The pope and bishops are not individually perfect or infallible in the common sense of the word (e.g. the pope has his own confessor). Anyone can list the failings of certain popes just as we have good, bad and indifferent people in all areas of life. The failings of individual judges in the Justice System, for example, does not invalidate the Rule of Law or argue against the need for the Courts to make judgements and determine truth.

In the end it comes down to an understanding of the Holy Spirit guiding the Church, the bride of Christ. Either we believe that the Holy Spirit is active and guiding the largest number of Christians (Catholics) or we believe that, over time, billions have been misled and that God only speaks to individuals alone allowing them to come up with a countless host of contradictory opinions on faith and morals.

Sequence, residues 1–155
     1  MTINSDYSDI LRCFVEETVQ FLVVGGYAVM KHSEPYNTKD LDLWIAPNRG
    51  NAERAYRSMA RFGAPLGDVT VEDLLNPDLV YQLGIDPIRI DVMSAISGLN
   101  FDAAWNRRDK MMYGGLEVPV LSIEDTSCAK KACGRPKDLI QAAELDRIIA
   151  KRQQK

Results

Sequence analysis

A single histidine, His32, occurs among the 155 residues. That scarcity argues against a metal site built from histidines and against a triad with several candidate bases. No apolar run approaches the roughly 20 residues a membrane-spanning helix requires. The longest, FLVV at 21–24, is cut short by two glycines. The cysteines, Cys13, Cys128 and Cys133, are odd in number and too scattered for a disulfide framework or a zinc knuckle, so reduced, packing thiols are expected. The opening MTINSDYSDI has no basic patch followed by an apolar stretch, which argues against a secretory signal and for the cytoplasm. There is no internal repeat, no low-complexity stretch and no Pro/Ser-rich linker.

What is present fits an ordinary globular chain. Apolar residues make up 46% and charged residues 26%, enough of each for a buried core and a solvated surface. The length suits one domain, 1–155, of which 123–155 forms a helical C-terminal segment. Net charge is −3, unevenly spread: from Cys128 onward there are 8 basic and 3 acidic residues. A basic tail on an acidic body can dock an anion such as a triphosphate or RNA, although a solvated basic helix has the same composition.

Because Christ loves the Church and is in communion with the Father and the Holy Spirit, it is essential that the discernment of his body be articulated under the guidance of the Holy Spirit. Left to our own devices we would fall into confusion and sin.

It is really about what God thinks of the successor of St. Peter, not what we many think. After all, St. Peter is the one to whom Jesus said: “You are the rock and upon this rock I will build my Church and the gates of hell will not prevail against it.” 

This phrase has been interpreted in many ways but we cannot escape the fact that Jesus refers to the solidity of what Peter is and/or stands for. The office of Peter needs to be steady and to speak the truth . . . unquestionably and indefectibly, to use a preferred phrase of John Henry Newman. That is what the ministry of the Fisherman is, a humble service to the truth as it is discerned by the whole Church praying and working together.

So, if we accept this action of the Holy Spirit discerned by the whole people of God and articulated by our leader then we thank God for the ministry of unity which the Chair of St. Peter represents while its occupants articulate and define the faith of the Church developing over time within the Body of Christ.